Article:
Bill & Heidi Bartlett of Bartlett’s Blueberry Farm in Newport were presented with the prestigious NHFB Profile Award by Seth Wilner at the NHFB 101st Annual Meeting.
Each year, NHFB has the honor of presenting the Profile Award to recognize a New Hampshire person or persons for distinguished service to agriculture and rural life. Nominations for this award come from County Farm Bureau Board of Directors and are judged by a panel of past Profile Award winners.
The 2017 Profile Award was presented to Bill & Heidi Bartlett of Bartlett Blueberry Farm in Newport, NH. Bill & Heidi Bartlett purchased what is now Bartlett’s Blueberry Farm in Newport in 1985 and have continued its growth as a successful farm and business for over 30 years. Beyond that, their contributions to the community have been just as important as their dedication to agriculture.
Jeff Moore was presented with the NHFB Young Farmer Achievement Award by Gail McWilliam Jellie at the NHFB 101st Annual Meeting.
This year’s NHFB Young Farmer Achievement Award went to Jeff Moore of Windswept Maples Farm in Loudon, NH.
The NHFB Young Farmer Achievement Award competition recognizes young people between the ages of 18 to 35 who have excelled in their farming operation and have shown leadership abilities through Farm Bureau and in their community. The ideal candidate for the award is an individual or couple involved in production agriculture with the majority of their income subject to normal production risk.
State Representative Howard Pearl (center) presents the NHFB Young Farmer Excellence in Agriculture Award to Bruce & Rebecca Stevens of Epsom at the NHFB 101st Annual Meeting
The 2017 NHFB Young Farmer Excellence in Agriculture Award was given to Bruce & Rebecca Stevens of Epsom, NH. The award acknowledges the efforts of Young Farmers who do not derive the majority of their income from farming, but are actively contributing to agriculture and to their community.
Bruce & Rebecca Stevens have a small farm in Epsom raising beef cattle and hay. Rebecca became involved with FFA while attending Coe-Brown Northwood Academy winning numerous awards and serving as chapter Vice-President. She was instrumental in the formation of the school’s FFA Alumni Chapter and served two terms as President. Bruce gained experience in agriculture working for local dairy farms and eventually started working for Dairy Farmers of America as a milk truck driver. He now owns his own commercial trucking company. Rebecca has served on the Merrimack County Farm Bureau Board of Directors for many years and is currently serving her first term as President.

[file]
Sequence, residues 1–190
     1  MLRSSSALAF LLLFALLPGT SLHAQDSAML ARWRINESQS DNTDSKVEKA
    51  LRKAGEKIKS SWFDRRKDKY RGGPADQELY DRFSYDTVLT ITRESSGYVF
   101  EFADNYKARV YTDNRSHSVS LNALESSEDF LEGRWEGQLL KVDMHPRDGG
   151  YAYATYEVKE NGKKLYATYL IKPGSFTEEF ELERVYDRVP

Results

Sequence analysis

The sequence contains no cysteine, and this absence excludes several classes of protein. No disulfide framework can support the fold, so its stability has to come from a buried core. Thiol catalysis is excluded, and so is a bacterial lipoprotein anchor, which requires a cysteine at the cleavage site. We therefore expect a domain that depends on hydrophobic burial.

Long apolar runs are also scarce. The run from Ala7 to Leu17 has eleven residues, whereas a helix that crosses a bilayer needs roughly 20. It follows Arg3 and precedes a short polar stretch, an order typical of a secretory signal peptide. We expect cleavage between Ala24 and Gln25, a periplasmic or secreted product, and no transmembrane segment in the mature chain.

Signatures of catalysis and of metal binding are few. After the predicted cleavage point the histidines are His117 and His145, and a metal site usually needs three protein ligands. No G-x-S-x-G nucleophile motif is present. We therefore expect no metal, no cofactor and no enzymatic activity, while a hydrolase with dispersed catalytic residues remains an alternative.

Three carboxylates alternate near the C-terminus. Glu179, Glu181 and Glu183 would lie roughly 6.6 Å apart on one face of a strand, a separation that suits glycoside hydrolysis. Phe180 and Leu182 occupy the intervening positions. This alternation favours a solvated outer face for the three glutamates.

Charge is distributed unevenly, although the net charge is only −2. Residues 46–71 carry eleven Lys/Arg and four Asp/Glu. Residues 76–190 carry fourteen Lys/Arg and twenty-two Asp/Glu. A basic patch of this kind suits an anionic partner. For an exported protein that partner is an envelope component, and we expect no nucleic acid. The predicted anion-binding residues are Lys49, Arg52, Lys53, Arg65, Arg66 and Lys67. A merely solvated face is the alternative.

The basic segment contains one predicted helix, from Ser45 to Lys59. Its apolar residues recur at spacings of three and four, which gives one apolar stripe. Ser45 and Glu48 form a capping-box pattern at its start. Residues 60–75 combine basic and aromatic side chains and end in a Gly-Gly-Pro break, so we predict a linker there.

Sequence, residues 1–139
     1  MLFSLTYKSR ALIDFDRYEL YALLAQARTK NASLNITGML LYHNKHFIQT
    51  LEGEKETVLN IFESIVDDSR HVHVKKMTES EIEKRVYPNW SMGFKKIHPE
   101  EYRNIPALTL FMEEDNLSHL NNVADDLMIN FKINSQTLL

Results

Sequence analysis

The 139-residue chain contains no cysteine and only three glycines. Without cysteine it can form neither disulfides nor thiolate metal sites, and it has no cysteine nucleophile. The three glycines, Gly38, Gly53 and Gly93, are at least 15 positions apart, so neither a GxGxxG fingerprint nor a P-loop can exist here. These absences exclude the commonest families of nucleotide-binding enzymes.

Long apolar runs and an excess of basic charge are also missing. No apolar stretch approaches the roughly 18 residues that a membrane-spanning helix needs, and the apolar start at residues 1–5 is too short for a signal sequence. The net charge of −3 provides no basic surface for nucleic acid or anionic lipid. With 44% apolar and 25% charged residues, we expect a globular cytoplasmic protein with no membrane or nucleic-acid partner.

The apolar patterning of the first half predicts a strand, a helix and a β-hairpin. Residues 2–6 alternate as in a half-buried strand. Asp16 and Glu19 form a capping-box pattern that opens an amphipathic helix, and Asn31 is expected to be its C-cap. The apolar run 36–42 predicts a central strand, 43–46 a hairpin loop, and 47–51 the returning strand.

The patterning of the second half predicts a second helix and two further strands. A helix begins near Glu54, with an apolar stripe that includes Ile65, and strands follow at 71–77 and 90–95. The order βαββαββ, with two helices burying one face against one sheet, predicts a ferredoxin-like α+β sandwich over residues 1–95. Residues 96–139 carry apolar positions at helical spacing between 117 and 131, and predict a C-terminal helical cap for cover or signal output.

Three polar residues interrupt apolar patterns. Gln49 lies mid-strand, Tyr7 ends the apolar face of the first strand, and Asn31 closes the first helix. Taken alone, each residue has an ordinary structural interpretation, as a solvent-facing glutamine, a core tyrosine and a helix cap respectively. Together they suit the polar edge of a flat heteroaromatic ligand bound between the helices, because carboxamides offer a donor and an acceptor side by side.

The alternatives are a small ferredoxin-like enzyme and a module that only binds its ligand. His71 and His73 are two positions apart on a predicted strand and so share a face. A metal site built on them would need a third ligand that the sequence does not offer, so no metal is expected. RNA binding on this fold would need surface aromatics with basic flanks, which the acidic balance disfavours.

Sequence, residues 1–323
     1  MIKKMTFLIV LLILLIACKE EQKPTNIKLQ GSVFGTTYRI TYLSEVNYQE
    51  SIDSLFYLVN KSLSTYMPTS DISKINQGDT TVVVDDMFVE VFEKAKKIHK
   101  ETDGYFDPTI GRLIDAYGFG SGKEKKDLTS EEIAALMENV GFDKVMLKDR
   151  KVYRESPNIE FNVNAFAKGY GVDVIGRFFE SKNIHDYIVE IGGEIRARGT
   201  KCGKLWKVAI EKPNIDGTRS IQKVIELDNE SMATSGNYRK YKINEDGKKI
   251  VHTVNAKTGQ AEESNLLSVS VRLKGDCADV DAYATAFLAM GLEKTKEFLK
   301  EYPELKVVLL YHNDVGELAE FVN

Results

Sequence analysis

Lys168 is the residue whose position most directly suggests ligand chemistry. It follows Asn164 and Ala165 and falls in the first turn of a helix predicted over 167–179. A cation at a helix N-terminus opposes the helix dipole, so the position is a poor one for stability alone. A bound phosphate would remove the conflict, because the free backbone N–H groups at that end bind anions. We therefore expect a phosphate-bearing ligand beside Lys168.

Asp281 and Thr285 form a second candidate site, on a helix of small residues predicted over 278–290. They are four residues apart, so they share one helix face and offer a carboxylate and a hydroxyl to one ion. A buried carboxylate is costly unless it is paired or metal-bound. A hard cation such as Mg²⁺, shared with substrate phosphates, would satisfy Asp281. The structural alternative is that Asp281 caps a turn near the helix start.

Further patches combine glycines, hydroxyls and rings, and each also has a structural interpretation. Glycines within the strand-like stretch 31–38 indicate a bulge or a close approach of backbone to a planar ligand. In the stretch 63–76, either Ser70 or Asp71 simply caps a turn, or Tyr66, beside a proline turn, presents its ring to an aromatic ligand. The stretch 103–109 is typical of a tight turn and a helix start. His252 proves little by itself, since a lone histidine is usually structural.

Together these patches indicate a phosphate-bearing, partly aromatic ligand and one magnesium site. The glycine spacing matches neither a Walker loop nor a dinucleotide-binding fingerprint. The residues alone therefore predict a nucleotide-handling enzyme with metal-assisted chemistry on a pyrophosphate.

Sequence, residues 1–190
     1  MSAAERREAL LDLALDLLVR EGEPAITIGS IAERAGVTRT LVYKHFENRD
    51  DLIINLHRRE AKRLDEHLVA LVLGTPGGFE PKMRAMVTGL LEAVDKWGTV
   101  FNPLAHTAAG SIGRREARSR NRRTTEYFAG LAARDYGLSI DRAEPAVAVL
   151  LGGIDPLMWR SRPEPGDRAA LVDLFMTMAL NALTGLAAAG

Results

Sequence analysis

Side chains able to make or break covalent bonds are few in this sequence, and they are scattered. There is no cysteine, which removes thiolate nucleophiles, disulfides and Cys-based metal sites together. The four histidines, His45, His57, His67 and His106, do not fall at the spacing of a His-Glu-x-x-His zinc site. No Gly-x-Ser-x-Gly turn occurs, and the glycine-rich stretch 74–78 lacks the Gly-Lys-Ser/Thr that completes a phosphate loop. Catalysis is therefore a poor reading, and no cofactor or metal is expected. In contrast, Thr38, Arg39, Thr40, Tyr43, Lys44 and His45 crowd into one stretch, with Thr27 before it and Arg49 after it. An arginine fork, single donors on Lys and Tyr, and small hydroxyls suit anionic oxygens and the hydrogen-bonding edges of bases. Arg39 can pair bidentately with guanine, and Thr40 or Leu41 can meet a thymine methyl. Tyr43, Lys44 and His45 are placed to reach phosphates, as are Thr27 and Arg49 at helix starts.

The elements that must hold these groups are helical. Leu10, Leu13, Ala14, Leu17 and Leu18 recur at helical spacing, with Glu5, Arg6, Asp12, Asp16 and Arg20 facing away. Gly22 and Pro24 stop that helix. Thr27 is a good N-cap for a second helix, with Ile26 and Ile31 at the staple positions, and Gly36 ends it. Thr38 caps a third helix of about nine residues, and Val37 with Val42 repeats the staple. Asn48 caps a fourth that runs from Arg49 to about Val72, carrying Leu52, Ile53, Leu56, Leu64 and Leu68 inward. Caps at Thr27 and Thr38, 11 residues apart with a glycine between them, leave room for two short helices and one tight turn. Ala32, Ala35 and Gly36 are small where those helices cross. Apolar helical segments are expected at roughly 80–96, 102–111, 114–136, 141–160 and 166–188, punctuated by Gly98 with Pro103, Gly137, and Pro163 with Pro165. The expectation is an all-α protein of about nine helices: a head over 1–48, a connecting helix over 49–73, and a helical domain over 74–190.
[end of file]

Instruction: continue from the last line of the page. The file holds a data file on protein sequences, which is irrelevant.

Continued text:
Glen Putnam was awarded the 2017 NHFB Young Farmer Animal Husbandry Award by NHFB Executive Director Diane Clary at the organization’s 101st Annual Meeting.
Glen Putnam was awarded this year’s NHFB Young Farmer Animal Husbandry Award. He owns and operates Winsome Farm Organics in Piermont, NH producing organic milk, beef, and more as a sixth generation farmer.
Amelia Aznive won the 2017 NHFB Young Farmer Discussion Meet at the organization’s 101st Annual Meeting. She will move on to compete nationally in Nashville, Tennessee in January.
Amelia Aznive of Concord, NH was named the winner of the 2017 NHFB Young Farmer Discussion Meet. Competitors in the Discussion Meet prepare thoughts and opinions on various subjects facing agriculture and cooperatively work towards a solution.
The goal of the Discussion Meet is to develop leaders for effective problem solving through group discussion, similar to the organization’s grassroots policy development process. The competition provides an opportunity for Young Farmers to build basic discussion skills, give and receive criticism in a helpful manner, develop an understanding of important issues, explore and pool knowledge to reach consensus, and solve problems.